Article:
Racial diversity is a claim many in the TV entertainment industry readily embrace.
But how accurate is that claim? Can it be said that most TV shows are reflective of the racial diversity in the United States? Is every network equally balanced from a diversity perspective or are some better than others? You might have been asking those questions yourself but didn’t have the time/inclination to look into it. Lucky for you, I have a lot of “time/inclination” to find answers to those questions.
In order to be as objective and transparent as possible, I decided to take a somewhat “scientific” approach to the whole affair (emphasis on “somewhat”).
Most Scripted TV shows on Network TV are racially diverse.
Rule #1: I will grade everything with a letter grade:
A= More than Two Minorities
B= Two Minorities
C= One Minority
F= No Minority
Note: As you can see, there is no D. Ultimately, you either have a minority in a TV show or you don’t. There is no partial points given here. Also, there are no minuses or pluses given.
Rule #2: A minority is anyone who is non-white. Mixed people are also considered non-white. Also I decided to classify a nonwhite playing a white person (for example, Josh Gomez in Chuck) or a white person playing a minority (Alfred Molina in Law & Order: Los Angeles) as minorities.
Rule #3: A minority cast member has to be a part of the regular cast. So no recurring roles or guest stars. In doubt, I will consider anyone who is in the cast photos of the show as a regular cast member.
Rule #4: Babies don’t count. If they can’t talk, they are not part of the cast.
Rule #5: Only scripted live action TV shows will be considered so no reality shows and no animations.
Rule #6: Cancelled shows are excluded.
Rule #7: Only TV shows that aired during Fall 2010 will be considered.
Rule #8: Only Network Television Programming will be considered.
- NBC FTW! Although they got flack for cancelling their most racially diverse show Undercovers, they still are far ahead of their closest competition ABC because they have no shows in the C or F category.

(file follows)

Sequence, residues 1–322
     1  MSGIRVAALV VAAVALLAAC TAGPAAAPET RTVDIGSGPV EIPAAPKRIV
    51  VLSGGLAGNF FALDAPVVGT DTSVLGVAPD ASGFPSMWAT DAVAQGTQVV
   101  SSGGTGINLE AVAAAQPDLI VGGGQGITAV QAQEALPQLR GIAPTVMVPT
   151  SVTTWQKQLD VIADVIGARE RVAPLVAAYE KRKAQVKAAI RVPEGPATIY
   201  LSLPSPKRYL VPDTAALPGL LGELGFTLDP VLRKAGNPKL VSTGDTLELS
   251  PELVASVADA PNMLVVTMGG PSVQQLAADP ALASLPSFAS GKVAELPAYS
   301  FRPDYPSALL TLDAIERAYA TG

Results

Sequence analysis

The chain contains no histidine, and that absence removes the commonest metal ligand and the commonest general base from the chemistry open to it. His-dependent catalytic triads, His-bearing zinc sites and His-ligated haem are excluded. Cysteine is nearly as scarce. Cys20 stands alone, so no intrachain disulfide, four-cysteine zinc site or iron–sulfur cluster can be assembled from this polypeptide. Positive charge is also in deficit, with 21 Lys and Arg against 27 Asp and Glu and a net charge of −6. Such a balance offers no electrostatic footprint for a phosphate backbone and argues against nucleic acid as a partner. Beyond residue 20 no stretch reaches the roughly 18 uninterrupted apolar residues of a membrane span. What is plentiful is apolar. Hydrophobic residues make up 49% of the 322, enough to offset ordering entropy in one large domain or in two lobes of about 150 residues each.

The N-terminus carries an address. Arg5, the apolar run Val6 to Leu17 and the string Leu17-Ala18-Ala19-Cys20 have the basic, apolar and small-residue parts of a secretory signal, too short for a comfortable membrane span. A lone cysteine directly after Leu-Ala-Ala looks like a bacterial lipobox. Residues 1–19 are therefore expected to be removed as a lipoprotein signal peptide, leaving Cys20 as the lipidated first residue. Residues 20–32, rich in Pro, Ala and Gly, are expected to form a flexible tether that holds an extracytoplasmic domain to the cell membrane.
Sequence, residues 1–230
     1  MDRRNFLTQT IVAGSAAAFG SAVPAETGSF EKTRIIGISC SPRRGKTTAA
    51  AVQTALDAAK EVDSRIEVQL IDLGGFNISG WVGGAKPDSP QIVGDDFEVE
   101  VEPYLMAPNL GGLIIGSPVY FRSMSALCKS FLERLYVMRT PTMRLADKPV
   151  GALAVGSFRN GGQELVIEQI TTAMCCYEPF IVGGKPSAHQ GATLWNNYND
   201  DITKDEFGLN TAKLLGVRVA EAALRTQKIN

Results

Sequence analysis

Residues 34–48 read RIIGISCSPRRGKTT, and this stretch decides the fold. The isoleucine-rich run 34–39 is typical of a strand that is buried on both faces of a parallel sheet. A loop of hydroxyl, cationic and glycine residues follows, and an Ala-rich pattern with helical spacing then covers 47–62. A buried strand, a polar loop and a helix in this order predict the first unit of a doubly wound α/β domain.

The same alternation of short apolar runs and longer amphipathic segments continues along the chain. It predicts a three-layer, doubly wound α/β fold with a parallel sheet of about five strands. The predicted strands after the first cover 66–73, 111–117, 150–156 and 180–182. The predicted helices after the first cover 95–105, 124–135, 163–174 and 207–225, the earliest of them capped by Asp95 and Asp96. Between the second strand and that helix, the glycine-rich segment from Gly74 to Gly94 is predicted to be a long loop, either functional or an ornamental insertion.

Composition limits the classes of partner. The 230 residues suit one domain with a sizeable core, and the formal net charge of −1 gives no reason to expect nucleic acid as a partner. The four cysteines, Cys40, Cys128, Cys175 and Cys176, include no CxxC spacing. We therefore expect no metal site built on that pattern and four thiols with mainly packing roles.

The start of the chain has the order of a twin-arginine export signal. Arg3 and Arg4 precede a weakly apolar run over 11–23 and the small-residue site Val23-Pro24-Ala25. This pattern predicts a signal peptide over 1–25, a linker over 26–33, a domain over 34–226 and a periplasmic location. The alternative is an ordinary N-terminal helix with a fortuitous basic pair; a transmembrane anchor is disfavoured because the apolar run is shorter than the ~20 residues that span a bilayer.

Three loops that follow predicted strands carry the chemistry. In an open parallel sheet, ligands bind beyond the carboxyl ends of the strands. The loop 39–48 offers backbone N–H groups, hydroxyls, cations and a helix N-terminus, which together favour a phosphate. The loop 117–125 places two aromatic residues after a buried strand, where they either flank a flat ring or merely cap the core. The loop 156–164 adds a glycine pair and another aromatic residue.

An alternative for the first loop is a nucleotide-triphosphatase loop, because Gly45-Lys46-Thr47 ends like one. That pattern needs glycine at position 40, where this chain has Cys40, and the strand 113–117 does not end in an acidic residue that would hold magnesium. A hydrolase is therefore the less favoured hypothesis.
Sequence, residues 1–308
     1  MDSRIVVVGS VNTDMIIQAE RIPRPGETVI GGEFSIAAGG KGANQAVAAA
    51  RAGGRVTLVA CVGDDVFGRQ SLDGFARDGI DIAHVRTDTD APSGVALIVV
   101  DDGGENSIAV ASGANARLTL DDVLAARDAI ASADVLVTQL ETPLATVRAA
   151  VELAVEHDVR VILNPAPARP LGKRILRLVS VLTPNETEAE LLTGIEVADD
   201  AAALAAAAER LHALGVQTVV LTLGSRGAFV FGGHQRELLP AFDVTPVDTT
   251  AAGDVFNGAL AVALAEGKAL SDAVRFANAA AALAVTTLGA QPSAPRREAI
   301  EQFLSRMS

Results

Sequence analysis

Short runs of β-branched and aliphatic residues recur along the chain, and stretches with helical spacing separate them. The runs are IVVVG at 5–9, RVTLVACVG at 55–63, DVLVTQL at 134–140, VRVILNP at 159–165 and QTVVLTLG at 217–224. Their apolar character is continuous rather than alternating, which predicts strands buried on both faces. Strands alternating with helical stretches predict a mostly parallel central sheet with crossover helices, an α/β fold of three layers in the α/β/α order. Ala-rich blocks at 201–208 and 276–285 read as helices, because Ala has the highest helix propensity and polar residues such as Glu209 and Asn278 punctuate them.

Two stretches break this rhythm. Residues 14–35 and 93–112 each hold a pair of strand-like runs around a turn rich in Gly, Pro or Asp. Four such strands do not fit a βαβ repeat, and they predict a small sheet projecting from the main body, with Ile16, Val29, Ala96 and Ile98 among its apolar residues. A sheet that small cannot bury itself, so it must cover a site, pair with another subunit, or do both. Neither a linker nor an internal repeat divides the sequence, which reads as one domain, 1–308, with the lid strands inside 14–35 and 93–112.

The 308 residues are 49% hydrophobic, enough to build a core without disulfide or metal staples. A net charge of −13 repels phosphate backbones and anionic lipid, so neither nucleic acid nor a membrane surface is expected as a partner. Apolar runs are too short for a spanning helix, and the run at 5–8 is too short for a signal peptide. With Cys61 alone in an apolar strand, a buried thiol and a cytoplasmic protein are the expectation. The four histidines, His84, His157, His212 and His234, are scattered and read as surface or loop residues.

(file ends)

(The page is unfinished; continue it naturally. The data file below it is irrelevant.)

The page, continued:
- FOX and ABC sort of share the same traits as their shows are almost even divided between the diverse (blue) and non diverse (red). However, FOX is a lower B as they have a less shows than ABC.
- CBS may be a winner in ratings but is definitely not shining with diversity. A large proportion of their shows are in the C and F category. Not a pretty picture.
- CW is equally not fairing too well as there are not only two scripted shows with two or more minorities. Fundamentally, is there any reason why there is not a single minority in the regular cast of One Tree Hill or Smallville?
I am a fan of diversity. I don’t think there should be a rule or a law forcing diversity down the throat of the creators of the show but I would hope that it would become a habit to at least think of adding a diverse cast whenever new shows are being created.
Now some of you may argue that diversity is not the key to success for a show and I would agree with that statement seeing the ratings monster that Two and a Half Men is. But diversity is not about ratings, it’s about sending a message about the kind of society you want to live in, a society filled with people from all sorts of ethnic backgrounds. Ok, that may sound a little kumbaya but you get the idea.
So to all the networks out there (even you NBC, don’t think I didn’t notice the lack of “color” in the upcoming show Perfect Couples which premieres on January 20), let’s make an effort to mix things up a bit and tilt toward the diversity side of the. See you next time!
So what do you think of the results? Any surprises? Anything that jumps out at you? Feel free to share your thoughts in the comment section below.
Just as a reminder, this is not a real scientific analysis and this is not meant to be a manifesto or some kind of call for change. It’s just one man’s approximate observation on the state of diversity on TV. You are absolutely free to disagree with it.